I remember when I first fell in love with drones. It was a fixation on being a drone pilot where I had made it my mission to have my pilot’s license by a certain time and I would be flying, but life like they say had other plans for me.

I discovered and understood pretty fast that anyone could fly a drone. Heck, people do it every day, many illegally. But not everyone can do what Kim, Andre, and Bertus do daily.

Bertus, our Accountable Manager put it nicely when he spoke to a client group that visited our offices.

“An ROC is like running an airline.”

Ever since I heard those words, they have stuck with me. It finally hit me. Manned or Unmanned. Crewed or Uncrewed. This is aviation. The laws and rules that govern the Boeings and the heavily epauletted Emirates pilots, govern us as a Drone Industry too.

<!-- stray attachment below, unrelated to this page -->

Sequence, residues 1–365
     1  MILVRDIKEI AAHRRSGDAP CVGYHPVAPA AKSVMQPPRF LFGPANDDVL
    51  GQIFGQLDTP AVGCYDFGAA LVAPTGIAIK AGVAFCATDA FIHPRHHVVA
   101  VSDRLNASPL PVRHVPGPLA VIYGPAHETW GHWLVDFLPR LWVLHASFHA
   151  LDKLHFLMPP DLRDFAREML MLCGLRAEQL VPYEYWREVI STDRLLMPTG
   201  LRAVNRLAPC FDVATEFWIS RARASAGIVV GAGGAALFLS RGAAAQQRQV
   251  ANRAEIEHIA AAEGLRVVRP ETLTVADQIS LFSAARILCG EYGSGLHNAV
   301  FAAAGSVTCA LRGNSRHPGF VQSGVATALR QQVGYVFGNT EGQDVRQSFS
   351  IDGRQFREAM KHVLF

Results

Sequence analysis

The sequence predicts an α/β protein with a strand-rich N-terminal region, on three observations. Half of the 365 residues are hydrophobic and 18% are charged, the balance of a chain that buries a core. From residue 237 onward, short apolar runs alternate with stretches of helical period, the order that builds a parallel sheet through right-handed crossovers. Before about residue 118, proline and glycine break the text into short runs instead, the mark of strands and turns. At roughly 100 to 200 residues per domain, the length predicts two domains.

My future is bright

In just two months I’ve been exposed to conferences, exhibitions, audits, training programs, endless clients, and partners. The list is endless and I can’t begin to explain how grateful I am for that. Because you need to understand that we are arriving into this industry at a time when it is just starting to take off itself.

So there’s a big debate on whether to drone or not to drone? More and more conversations on how the regulations and regulators are antagonising, in search of the common ground that will leave them both equally satisfied or equally unsatisfied.

Don’t get me started on this debate with regards to the fishing industry. It’s heavy and it’s a lot, but being here when this very conversation is being had is something else, if not a blessing because you get to weigh in on it, after hearing arguments from both sides.

In closing (because I could go on and on about this for days if I could), I’d like to add that I have learned so much about the drone industry as a whole, but none of this would have been possible without the groundwork laid by Matt Brooks and the Inspire Africa team. Yes, they couldn’t teach me all the ins and outs of the industry but the strong foundation that they laid, prepared me for my future in this industry.

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Loves to write. Loves technology